5. Spud you have to separate foreign war correspondents from regular journalists and news anchors dropped into a war zone either to use the revolution as a backdrop or learn on the job.

    Someone like Engel or Ben Wedeman speak Arabic, have lived on and off in Egypt for years, and have numerous local contacts to keep them informed and safe.

    Others like Cooper have some experience in war zones and make their reputations on reporting from them.

    Still others like Katie Couric should never have left NYC and her bosses should be fired for letting her go there solely so she could have an interesting backdrop for her show.

    I have no problem with Engel Logan or even Cooper reporting from a dangerous spot. It’s their job. Couric or Brian William are a different matter. They never should have been sent to Egypt and after what happened to Bob Woodruff the networks should have learned a lesson. ABC did seem to learn as their anchor didn’t go; as far as I can tell.

    The fall of the Berlin wall is not really the right analogy try the Iranian election of 2009.
    BTW Richard Engel is in Bahrain tonight.

  6. Laura a reporter was killed but he wasn’t American so you probably missed it.

    “I also think that there’s an element of ‘liberal press’ that wants to deny certain aspects of Middle East ‘culture’.”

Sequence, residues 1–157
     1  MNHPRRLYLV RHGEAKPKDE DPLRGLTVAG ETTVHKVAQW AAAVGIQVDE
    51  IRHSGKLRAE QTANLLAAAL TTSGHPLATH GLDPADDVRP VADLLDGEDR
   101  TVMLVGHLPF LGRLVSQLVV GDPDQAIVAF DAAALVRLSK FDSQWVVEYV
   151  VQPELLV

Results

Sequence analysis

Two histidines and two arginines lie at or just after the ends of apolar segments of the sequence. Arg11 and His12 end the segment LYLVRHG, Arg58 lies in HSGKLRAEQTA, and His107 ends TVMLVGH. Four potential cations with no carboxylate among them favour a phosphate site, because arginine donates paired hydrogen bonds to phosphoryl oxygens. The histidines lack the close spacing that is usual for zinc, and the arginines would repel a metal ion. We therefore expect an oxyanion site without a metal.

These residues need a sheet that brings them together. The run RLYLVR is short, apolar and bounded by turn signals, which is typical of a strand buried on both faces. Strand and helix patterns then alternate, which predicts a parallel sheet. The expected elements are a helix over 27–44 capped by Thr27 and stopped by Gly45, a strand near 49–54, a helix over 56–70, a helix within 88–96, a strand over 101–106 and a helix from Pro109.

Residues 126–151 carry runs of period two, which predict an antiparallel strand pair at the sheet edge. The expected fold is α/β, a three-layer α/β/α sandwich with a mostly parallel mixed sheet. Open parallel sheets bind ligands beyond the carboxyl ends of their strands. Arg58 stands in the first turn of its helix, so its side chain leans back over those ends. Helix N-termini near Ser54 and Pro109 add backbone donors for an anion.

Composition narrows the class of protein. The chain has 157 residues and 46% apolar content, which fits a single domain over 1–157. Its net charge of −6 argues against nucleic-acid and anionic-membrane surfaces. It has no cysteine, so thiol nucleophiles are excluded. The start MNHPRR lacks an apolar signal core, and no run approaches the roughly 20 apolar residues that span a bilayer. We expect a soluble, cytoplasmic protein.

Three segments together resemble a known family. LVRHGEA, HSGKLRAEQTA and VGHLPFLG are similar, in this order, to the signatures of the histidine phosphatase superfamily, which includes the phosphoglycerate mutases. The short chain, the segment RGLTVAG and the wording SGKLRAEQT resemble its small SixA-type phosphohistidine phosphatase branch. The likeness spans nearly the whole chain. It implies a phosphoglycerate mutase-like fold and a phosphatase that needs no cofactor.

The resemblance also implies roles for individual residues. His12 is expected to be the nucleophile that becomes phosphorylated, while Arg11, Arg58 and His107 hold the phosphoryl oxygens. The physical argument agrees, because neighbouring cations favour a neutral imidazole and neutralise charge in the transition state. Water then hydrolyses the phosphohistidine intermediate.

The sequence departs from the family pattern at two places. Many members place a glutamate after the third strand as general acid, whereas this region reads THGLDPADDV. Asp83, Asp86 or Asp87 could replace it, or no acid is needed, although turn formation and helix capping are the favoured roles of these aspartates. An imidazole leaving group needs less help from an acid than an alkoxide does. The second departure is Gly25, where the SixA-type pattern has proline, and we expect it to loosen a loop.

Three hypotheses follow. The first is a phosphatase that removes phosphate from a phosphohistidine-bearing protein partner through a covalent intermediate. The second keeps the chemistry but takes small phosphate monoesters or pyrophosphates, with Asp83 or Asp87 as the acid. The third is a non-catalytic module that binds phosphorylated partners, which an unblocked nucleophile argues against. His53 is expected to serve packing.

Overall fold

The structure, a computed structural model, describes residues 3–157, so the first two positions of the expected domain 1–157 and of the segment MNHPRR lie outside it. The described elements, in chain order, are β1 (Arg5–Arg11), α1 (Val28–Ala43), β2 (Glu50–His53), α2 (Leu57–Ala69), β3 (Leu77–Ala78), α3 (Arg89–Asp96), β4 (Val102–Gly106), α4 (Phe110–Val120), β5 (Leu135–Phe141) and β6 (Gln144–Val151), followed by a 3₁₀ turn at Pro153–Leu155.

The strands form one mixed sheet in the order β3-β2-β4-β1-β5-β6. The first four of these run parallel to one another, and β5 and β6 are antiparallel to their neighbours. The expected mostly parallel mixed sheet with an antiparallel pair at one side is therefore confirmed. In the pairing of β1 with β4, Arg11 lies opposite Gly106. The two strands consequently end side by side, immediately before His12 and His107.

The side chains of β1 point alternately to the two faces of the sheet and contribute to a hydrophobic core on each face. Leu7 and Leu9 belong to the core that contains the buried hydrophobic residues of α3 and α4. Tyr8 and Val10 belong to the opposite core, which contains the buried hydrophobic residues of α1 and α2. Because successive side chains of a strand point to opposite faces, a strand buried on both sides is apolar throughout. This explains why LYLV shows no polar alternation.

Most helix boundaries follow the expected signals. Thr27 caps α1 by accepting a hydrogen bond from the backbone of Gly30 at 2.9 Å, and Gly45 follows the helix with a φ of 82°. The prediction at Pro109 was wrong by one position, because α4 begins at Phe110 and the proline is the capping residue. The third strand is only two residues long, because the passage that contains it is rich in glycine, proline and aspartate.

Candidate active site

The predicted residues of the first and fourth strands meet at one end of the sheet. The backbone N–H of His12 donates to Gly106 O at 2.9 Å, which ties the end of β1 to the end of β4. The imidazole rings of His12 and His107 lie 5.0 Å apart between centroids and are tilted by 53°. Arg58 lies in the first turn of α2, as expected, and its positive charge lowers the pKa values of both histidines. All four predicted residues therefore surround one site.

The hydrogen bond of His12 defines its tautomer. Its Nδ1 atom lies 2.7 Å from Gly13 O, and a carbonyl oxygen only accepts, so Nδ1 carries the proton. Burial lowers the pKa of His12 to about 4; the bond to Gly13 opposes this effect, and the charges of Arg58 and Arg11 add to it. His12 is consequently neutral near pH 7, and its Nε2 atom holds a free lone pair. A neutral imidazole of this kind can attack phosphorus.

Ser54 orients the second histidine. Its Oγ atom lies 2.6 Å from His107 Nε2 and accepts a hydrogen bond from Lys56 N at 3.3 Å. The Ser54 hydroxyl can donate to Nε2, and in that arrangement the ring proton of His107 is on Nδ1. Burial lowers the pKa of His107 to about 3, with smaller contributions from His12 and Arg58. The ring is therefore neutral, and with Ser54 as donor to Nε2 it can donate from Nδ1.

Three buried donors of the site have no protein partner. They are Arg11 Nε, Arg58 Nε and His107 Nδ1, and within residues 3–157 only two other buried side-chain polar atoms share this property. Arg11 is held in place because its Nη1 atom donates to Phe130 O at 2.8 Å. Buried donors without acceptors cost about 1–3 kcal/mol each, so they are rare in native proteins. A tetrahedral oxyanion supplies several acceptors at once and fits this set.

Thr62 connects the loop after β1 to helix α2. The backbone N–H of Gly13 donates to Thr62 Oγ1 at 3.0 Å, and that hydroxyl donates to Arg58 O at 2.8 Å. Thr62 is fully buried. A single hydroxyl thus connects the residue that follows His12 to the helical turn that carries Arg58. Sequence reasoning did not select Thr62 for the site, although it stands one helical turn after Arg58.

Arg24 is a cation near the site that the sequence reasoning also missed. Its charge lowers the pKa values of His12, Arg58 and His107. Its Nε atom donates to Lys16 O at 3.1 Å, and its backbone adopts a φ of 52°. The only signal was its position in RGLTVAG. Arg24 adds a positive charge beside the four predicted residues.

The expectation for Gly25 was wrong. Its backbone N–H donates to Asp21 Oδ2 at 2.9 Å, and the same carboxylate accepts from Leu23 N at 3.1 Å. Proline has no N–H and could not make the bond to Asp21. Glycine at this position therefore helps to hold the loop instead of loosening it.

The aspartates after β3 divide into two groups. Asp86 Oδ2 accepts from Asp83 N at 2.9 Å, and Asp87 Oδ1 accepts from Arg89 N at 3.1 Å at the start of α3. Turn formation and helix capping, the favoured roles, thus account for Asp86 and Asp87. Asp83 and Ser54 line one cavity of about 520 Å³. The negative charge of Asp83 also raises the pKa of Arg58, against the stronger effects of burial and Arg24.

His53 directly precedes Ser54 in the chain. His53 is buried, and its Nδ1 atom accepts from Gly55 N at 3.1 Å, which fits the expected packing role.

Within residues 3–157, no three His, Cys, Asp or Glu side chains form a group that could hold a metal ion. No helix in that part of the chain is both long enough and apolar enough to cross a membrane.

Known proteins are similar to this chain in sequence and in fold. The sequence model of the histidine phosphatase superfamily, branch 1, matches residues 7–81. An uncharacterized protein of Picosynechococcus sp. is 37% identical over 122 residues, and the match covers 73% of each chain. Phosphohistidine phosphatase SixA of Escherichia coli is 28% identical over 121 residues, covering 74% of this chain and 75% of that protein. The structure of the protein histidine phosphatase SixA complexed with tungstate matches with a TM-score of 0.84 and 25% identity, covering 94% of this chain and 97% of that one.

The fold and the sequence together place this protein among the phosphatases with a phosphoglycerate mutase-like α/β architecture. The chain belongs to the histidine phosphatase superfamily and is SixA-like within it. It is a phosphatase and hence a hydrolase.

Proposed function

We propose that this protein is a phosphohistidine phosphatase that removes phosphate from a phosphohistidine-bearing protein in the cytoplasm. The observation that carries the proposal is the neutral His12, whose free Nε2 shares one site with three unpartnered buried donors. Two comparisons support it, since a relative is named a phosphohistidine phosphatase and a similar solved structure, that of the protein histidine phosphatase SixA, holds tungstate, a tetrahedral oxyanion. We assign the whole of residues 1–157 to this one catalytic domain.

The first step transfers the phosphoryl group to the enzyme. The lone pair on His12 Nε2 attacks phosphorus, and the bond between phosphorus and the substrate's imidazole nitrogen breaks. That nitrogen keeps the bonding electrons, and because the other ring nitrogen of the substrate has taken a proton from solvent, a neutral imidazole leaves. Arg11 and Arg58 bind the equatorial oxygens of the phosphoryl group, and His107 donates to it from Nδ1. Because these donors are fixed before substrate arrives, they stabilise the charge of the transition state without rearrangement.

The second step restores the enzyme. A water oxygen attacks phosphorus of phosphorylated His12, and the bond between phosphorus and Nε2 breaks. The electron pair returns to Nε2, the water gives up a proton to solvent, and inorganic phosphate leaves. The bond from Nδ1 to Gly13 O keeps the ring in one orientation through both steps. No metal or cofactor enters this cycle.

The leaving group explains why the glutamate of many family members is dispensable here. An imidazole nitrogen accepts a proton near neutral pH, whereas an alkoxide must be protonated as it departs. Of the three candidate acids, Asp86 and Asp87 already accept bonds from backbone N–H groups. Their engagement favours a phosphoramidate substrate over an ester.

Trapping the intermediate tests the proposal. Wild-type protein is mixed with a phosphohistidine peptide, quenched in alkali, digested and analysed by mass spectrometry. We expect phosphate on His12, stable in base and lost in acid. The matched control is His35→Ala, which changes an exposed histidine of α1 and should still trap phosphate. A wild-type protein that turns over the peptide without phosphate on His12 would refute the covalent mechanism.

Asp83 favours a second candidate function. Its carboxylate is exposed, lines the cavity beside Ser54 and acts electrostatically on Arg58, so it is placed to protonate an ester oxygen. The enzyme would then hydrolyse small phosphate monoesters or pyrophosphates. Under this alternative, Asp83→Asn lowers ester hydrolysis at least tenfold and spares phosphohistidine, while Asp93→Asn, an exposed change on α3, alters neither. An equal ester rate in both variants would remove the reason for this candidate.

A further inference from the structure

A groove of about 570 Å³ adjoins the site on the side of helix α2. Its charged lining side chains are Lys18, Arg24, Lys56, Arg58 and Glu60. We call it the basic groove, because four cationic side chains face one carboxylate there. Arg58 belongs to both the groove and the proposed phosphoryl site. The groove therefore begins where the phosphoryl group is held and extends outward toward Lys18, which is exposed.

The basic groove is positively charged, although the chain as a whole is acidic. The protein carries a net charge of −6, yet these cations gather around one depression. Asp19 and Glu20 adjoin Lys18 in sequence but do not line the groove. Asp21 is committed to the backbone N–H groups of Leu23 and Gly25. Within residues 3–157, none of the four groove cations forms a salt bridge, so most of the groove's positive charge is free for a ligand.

Ah yes, when in doubt blame the ‘liberal press’. Are you quoting Hannity or is it Rush?

  7. Foreign TV correspondents report from war zones but they could count on one hand, with fingers to spare, when they’re in a situation like Tahrir. Granted, there’s a lot of Tahrirs going on right now in the Middle East…but up until recently they have been few and far between. You could even make the case that Tahrir stands alone as there hasn’t been anything really like it in the modern TV age to compare. Iran 2009 doesn’t count since it 1) wasn’t covered live like this, and 2) failed to achieve anything other than a crackdown that’s still going on.

    And if you think I have a problem with them reporting from a dangerous spot based on my article, then you are reading more into it than I wrote. But again, Tahrir would be different from anything Cooper, Logan, or Engel have covered previously with new and different scenarios than they had to previously deal with.

  8. Actually, I had heard about the one who was killed. Thought of it after writing, but no idea who it was.